In last week’s article I explained how the aviation sector has suffered as a result of persistent Covid-19 shocks.

Aviation connected risk

In this article I will focus on how connected risk links the aviation sector with other verticals such as travel and tourism, hotels, manufacturing, aluminium and the (surprisingly large) inflight technology business.

The global revenue for the travel and tourism industry was an estimated $396.37bn in 2020 – a decrease of around 42.1 percent from the previous year.

Additionally, this is significantly lower than the original 2020 forecast of around $712bn. Source: Statista Mobility market outlook.

In May 2020, the hotel occupancy rate in Europe saw the most dramatic effects of the virus, with occupancy rates of 13.3 percent, a drop of 82.3 percent compared with the previous year. Source: Hotel news

The release by Airbus and Boeing of full-year 2020 order and delivery figures has brought into stark view just how significantly the Covid-19 pandemic has affected the world’s two largest airframers. Combined, the companies delivered 723 jets during the year, down a staggering 42 percent from 2019. With these falls in aircraft orders, as might be expected, there has been a knock-on effect in aluminium production.

In 2019, the average price for aluminium stood at 1,794 nominal US dollars per metric ton, falling to 1,660 in 2020. World Bank Commodities Price Forecast.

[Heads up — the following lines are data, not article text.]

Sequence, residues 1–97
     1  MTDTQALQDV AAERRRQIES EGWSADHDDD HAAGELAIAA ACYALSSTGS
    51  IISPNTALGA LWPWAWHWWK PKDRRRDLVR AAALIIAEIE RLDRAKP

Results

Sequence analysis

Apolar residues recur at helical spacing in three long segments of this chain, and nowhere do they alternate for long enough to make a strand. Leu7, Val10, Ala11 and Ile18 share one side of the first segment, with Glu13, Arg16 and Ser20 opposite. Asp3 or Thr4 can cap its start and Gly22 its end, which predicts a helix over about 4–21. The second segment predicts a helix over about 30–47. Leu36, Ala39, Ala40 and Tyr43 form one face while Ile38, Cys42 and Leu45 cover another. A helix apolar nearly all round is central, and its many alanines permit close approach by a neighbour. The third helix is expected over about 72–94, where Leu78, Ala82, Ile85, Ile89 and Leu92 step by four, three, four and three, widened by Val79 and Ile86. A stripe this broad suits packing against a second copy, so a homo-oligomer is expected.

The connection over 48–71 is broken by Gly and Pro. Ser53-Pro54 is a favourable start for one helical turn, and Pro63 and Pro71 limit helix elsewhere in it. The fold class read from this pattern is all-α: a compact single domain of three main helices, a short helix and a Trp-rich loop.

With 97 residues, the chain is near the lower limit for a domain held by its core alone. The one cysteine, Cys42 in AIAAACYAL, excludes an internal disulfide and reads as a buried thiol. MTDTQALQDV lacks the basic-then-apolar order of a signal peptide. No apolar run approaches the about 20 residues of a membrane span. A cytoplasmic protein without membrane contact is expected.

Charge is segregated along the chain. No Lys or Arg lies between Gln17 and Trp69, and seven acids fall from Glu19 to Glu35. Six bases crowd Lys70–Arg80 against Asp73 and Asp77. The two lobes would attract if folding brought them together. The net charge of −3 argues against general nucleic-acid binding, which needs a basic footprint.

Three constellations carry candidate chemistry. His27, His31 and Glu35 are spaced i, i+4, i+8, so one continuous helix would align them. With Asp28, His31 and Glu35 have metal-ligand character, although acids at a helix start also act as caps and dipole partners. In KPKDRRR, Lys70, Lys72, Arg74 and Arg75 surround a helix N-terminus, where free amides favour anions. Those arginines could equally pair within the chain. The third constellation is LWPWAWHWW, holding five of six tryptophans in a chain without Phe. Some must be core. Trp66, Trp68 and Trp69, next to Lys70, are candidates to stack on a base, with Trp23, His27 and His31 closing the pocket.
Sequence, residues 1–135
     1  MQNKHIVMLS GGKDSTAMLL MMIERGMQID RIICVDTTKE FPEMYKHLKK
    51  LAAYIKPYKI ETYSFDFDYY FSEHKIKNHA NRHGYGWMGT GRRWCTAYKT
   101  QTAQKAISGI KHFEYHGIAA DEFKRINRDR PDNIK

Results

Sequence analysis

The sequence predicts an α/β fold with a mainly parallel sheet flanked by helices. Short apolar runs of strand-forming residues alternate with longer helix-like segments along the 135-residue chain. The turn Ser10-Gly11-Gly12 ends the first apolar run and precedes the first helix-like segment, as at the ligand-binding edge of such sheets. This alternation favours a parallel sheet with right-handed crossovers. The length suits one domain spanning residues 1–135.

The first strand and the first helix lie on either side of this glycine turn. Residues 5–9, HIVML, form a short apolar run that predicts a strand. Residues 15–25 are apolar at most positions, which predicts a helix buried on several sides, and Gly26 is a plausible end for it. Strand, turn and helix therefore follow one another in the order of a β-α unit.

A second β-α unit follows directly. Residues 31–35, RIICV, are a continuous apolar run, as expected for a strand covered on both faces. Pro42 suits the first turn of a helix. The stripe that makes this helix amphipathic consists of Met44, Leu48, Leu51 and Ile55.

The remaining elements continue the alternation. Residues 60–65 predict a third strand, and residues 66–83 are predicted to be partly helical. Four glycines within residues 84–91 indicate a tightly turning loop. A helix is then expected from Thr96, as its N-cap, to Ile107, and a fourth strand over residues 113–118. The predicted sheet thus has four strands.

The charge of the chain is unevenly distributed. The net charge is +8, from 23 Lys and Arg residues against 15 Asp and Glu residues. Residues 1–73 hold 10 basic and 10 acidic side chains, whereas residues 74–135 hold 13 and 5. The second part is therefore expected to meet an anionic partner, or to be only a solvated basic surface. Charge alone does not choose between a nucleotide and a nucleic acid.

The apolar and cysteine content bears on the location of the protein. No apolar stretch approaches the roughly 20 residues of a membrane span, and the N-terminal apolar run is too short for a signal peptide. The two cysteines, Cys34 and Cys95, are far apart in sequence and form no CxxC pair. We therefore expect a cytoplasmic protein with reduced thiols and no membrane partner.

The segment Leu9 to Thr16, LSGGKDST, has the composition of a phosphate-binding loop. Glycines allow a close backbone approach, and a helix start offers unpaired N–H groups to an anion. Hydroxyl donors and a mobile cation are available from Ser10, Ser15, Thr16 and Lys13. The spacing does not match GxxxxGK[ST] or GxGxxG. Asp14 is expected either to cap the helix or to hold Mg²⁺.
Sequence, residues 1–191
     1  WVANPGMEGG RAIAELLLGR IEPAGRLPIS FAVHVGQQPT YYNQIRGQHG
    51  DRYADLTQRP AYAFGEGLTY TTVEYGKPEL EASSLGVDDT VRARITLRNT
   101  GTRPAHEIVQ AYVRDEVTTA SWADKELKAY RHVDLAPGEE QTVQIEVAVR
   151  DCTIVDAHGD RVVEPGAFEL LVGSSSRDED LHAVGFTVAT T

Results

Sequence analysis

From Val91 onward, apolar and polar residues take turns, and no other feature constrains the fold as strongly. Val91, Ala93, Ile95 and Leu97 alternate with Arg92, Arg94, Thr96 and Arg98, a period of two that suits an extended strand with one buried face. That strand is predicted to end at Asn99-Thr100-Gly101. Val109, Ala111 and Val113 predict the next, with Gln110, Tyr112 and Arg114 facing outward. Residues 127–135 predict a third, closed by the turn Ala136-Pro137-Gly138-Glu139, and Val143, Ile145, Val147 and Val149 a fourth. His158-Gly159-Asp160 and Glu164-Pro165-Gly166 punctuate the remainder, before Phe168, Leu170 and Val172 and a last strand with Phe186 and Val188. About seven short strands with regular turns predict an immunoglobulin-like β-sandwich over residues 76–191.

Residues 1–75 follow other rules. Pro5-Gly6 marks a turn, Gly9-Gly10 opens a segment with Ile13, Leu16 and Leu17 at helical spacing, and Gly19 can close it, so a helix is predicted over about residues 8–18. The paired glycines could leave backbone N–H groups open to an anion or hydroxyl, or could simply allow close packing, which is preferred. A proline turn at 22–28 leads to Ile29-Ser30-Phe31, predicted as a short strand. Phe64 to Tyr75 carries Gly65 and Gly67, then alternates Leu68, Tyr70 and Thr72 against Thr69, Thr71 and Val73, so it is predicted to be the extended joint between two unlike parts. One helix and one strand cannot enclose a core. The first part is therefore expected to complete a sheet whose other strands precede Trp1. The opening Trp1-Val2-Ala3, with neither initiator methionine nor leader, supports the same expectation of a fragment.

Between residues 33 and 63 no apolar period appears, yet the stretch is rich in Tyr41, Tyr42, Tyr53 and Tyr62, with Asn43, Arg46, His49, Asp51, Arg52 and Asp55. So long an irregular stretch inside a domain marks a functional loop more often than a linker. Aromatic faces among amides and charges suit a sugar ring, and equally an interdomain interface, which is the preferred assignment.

The US metals market saw the removal of an estimated 33,000 vehicles per day from production as all major auto producers across the country halted operations in response to government mandates and concerns over the welfare of workers. In the US, the automotive sector is the largest end user of aluminium, according to S&P Global.

Global in-flight connectivity services

In 2019, the market for passenger connectivity services generated $1.7bn in revenue. By 2029, in a low-case scenario due to the coronavirus pandemic, this market is expected to generate $6.1bn, rather than nearly $8bn in a high-case scenario, according to Statista.

Conclusion

The pandemic is a connected risk that has paralysed both the services industries and global supply chains. An increased perception of this kind of connected risk exposure has elevated the discussion to the C-suite around what we should now consider remote risks to be, and the volatility associated with such risks. There is a need for better business insight and data collection on a more frequent basis, as economies emerge from their enforced paralysis. Overall, businesses will need to assess exposure outcomes more frequently than they have in the past, moving to a more near-time exposure assessment, built on real-time data collection and analysis.

Helping you think the unthinkable

We have helped clients to think about the things that they haven’t had the time to think about. We’ve helped them use data in an integrated fashion in exposure aggregation and pricing. To the point where today, we’ve got our clients to understand the connected risk, while also understanding the need for real-time analytics.

Through our proprietary analytics platform ALPS, we help your business anticipate, absorb and adapt to the effects of rapidly changing circumstances in a dynamic environment to enable it to deliver its objectives, to survive and prosper.

Russell has always been a dynamic and forward-thinking company with the imagination to create.